author unknown
Entertaining the Lord 
 

It happened one day near December's end, two neighbors called on an old-time friend.


And they found his shop so meager and mear, made gay with a thousand boughs of green,


And Conrad was sitting iwth face a-shine when he suddenly stopped as he stitched a twine


And he said, "Old friends, at dawn today, when the cook was crowing the night away,


The Lord appeared in a dream to me and said, "I am coming your guest to be.


So I've been busy with feet astir, strewing my shop with branches of fir,


The table is spread and the kettle is shined and over the rafters the twined,


And now I will wait for my Lord to appear and listen closely as I will hear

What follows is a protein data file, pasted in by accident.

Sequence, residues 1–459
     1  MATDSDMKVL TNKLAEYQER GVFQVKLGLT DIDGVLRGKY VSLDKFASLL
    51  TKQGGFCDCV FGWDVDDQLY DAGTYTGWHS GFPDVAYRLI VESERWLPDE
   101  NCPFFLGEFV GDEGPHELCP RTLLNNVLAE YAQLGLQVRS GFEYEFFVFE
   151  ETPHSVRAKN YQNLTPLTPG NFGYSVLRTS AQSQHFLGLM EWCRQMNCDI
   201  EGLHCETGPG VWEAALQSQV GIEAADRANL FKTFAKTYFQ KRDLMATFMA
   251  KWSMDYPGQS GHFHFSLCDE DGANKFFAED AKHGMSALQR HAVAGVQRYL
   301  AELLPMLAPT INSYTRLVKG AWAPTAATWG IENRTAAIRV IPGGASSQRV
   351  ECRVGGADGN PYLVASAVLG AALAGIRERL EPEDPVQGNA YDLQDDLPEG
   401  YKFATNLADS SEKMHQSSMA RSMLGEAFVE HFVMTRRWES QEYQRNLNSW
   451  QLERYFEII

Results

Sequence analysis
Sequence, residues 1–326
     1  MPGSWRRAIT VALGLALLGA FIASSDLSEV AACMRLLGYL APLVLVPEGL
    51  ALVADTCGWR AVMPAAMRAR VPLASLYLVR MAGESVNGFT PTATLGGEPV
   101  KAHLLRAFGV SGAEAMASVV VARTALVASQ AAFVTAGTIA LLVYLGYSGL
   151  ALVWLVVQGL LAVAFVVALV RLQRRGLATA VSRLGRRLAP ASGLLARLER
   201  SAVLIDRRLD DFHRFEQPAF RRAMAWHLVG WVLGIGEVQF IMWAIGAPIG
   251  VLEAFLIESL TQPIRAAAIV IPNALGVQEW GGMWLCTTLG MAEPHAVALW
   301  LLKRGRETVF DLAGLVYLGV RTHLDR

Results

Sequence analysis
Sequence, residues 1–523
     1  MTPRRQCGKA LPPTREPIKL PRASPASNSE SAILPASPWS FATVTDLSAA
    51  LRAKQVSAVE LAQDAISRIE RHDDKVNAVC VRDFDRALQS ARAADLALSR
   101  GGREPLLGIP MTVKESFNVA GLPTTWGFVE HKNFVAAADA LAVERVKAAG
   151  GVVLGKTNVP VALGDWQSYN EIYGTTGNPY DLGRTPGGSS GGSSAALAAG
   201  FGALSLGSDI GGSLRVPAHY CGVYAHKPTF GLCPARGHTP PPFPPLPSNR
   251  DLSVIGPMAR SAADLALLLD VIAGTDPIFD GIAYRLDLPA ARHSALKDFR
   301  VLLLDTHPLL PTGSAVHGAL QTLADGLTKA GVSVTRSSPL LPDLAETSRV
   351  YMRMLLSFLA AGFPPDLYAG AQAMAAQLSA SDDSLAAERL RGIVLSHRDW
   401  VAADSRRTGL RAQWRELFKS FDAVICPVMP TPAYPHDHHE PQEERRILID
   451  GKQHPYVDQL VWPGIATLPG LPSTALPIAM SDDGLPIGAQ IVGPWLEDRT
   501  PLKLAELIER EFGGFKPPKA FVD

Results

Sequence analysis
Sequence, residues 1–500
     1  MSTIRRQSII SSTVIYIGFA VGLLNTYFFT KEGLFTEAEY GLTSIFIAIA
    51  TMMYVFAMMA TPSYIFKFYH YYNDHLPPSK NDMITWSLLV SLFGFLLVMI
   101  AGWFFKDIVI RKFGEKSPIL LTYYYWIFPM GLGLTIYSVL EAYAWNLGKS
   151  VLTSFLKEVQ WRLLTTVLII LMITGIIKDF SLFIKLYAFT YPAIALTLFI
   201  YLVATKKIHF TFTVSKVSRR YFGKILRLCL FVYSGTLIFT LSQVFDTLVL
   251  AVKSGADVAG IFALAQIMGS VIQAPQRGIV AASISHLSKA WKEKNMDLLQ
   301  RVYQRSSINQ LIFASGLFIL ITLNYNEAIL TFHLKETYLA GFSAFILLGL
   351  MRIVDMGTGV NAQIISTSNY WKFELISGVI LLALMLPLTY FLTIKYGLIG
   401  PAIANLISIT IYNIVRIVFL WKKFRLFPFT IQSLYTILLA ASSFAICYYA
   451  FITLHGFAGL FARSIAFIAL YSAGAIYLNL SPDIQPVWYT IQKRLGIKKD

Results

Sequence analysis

His step as He nears my humble place, and I open the door and look on His face..."


So his friends went home and left Conrad alone, for this was the happiest day he had known,


For, long since, his family had passed away and Conrad had spent many a sad Christmas Day.


But he knew with the Lord as his Christmas guest this Christmas would be the dearest and best,


So he listened with only joy in his heart.  And with every sound he would would raise with a start


And look for the Lord to be at his door like the vision he had had a few hours before


So he ran the window after hearing a sound, but all that he saw on the snow-covered ground


Was a shabby beggar whose shoes were torn and all of his clothes were ragged and worn.


But Conrad was touched and he went to the door and he said, "Your feet must be frozen and sore,


I have some shoes in my shop for you and a coat that will keep you warmer, too."


So with a grateful heart the man went away, but Conrad noticed the time of day


And he wondered what day the dear Lord so late and how much longer he'd have to wait,


When he heard a knock and ran to the door, but it was only a stranger once more,